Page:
Century Dictionary and Cyclopedia
- n. A quick motion; a rapid, noiseless movement.
- To whisk; scud; move nimbly, as a hare or other small animal.
- To fib; lie.
- n. A word.
- n. A lie; a fib.
- n. A dispute; a quarrel
- To lie; fib.
- From Middle English *whid, from Old English hwiþa, hwiþu ("air, breeze") or from Old Norse hviða ("gust of wind"), both from Proto-Germanic *hwiþō (“rush of wind”), from Proto-Germanic *hwi- (“to rush”), from Proto-Indo-European *kwei- (“to hiss, whistle, whisper”). Cognate with Scots quhid ("a squall, blast of wind"). (Wiktionary)
“Stow your whids & plant, and whid no more of that ”
“Here his limbs are wiped dry, and wrapped close anti tight within the fur of the buffalo robes, in whid he takes his nap, with his f'eet to the fire; then oils his limbs and hair with bear's grease, dresses and plumes himself for a visit -- a feast --”
“Here they caught a large number o of the fciennc, or bream kind; from whid captain named this Bream Bay.”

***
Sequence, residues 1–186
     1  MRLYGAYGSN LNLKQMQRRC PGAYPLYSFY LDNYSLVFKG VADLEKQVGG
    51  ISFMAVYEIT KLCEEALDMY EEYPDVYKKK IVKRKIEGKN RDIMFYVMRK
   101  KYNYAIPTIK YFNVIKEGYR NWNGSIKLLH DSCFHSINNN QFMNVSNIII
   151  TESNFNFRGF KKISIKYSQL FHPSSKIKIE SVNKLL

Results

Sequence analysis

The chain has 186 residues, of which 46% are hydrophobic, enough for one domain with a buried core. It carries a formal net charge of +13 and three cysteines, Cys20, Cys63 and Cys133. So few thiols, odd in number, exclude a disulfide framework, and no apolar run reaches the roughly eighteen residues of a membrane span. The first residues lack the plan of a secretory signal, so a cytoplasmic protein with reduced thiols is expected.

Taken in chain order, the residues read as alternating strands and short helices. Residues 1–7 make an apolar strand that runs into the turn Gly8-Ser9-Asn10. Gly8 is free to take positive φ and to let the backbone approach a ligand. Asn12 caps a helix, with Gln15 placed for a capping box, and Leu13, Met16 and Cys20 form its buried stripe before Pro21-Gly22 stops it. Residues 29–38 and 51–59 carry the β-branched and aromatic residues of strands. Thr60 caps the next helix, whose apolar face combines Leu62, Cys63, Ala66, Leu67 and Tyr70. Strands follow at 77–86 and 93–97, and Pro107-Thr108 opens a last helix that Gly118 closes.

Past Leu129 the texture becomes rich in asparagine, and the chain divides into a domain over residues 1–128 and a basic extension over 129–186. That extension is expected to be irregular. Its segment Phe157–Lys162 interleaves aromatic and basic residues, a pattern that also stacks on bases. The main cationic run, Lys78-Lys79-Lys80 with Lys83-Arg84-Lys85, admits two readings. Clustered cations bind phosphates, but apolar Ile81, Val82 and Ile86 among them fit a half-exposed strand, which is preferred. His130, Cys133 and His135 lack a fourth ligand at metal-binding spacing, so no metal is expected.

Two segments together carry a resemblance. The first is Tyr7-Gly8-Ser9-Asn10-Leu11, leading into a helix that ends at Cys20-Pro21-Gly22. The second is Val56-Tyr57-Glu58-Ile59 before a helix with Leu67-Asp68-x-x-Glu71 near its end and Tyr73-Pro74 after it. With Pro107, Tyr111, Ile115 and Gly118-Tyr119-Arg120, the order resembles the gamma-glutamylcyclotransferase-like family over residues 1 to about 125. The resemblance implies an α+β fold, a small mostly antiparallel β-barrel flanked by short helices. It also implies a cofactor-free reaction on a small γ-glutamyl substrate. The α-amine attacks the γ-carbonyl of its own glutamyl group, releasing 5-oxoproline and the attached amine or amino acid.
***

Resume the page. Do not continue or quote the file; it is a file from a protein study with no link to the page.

“K*scbakan, the wind blows hard K'schakaneep, the whid blew hard K'schachinke, when or if it blows hard TamseetBch* kschakan, it will perhaps blow haid Apitchanehelleu, it blows a eontniy wind Apitchanehellewak, they have a contrary wind Wundschun, the wind conies from (a particular quarter)”
“The defign of the (irfl Book, to which we rhall conlifie mil attention fc-f the prcfrr-t) u to trace the n (e aJid progrtrs of Iv bour, and iit opcradojiv, ai the foiiTce of wealth; and to rflj ihth clear principles and predfc ideai, concerning the origi and ufe of money, and the ciufei which drcermirei or whid vary, the price of cornmoditiei ind rem of landi.”
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